I woke up this morning to a headline in Pulse news that read: Sugary Beverages Linked to 180,000 Deaths Worldwide. Well, with a statement like that I had to read it.
This brought up one of my least favorite types of journalism: Science and Medical writing.
The problem is that journalists don’t really understand science or how studies are done. They also look for attention grabbing headlines.
I have a Bachelor of Arts in Psychology because the University of Texas at Austin didn’t offer a Bachelor of Science at the time I got my degree. I wanted to do experimental psychology. One of the phrases I heard in every Psych class I took was: Correlation does not equal causation. Just because two variables correlate (increase or decrease together) doesn’t mean that you can tell which one causes the other.
For example, mothers who listened to Mozart while pregnant had children who were several IQ points higher than those that didn’t. So does that mean listening to Mozart will make your kid smarter? Or, does that just mean that parents who listen to Mozart are smarter and thus pass on those genes for intelligence on to their kids?
The fact that journalists like to see causal links (as do most humans) leads to the conflicting headlines we used to get about butter being good for you, or bad for you, no, use margarine, no margarine is bad for you. You get the point.
The problem isn’t that the studies were wrong. The problem is that studies are there to gather evidence, not form ultimate conclusions.
The sugary beverage study is a good start, but is not the final word.
Now, after reading all that you may think I don’t believe that sugary beverages cause diabetes, obesity and other diseases. I do. I stopped drinking soda (aside from the occasional drink – no more than 16 oz per month or two) about a year or two ago. I have acid re-flux and I just can’t drink sodas anymore. The fact that my body essentially told me to stop drinking Dr. Pepper isn’t evidence that soda is bad. There are people who drink soda till they’re 90. It’s my biology and genetics that make it so I can’t drink that delicious Dr. Pepper anymore. Mmmmm, Dr. Pepper. Sorry.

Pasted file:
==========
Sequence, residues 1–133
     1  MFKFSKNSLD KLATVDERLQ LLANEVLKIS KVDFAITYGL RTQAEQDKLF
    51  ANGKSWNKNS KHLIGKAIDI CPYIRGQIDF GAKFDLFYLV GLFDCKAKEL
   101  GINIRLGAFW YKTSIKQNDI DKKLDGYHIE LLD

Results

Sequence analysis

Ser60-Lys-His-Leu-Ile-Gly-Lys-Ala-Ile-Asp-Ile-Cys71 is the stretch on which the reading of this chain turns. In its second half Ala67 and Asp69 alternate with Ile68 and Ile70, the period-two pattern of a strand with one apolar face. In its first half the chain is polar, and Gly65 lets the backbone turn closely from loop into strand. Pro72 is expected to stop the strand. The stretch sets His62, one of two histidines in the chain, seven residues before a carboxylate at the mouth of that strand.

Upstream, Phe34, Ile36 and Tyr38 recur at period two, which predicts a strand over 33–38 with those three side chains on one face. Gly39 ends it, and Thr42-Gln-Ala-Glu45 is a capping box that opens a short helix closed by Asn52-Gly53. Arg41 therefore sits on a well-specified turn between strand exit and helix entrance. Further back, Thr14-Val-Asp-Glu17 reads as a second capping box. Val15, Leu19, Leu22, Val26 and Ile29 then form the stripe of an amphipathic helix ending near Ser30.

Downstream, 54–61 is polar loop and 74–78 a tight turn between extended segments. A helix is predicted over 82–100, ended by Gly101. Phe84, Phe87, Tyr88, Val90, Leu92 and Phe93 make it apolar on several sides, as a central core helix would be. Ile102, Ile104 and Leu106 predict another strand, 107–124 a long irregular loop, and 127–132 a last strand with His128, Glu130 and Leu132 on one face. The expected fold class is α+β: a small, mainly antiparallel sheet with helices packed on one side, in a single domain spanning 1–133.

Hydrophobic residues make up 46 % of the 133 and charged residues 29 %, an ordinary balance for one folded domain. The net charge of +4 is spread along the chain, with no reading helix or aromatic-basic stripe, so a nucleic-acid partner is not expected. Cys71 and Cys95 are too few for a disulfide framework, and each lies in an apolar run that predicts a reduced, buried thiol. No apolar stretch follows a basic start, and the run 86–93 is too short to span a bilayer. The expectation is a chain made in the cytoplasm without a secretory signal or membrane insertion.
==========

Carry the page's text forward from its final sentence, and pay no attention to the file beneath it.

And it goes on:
We know sugar is linked to diabetes, and that soda is linked to obesity. I don’t doubt any of that. My problem is that every article written treats this study as if it were a scientific law like the law of gravity.
The part about the article that irked me probably the most was this section:
In 2010 in the U.S., the researchers report that 25,000 deaths were linked to sugary beverages; these drinks were associated with 133,000 diabetes deaths, 44,000 heart disease deaths and 6,000 cancer deaths.
You see what the author did there? 25K deaths linked to sugary beverages. The other numbers make it seem worse. 133K diabetes deaths, 44K heart disease, 6K cancer deaths. Now the numbers linked to sugary beverages in the US seem a lot higher. That’s 180K deaths right there! But that’s worldwide.
How many diabetes deaths in the US? Heart disease?
According to the CDC in the U.S. deaths in 2010 (same year as the study used) for each of those diseases was:
- Diabetes – 69,071
- Heart Disease – 597,689
- Cancer – 574,743
That totals 1,241,503 deaths of which 25K are linked (meaning sugary beverages were consumed in “excess” I’m guessing) giving you 2% (if I did my math right) of deaths linked to sugary beverages. Or, if you wanted to spin it another way: 98% of these deaths had no link to sugary beverages. To put the numbers into bigger context in 2010, 2.4 million people died in the US. 38K by suicide. Maybe mental health is something we should be concentrating on more than what people are drinking.
I don’t have a good ending for this so I just leave you with a comic from one of my favorite webcomics XKCD about this same subject, only more concise and wittier.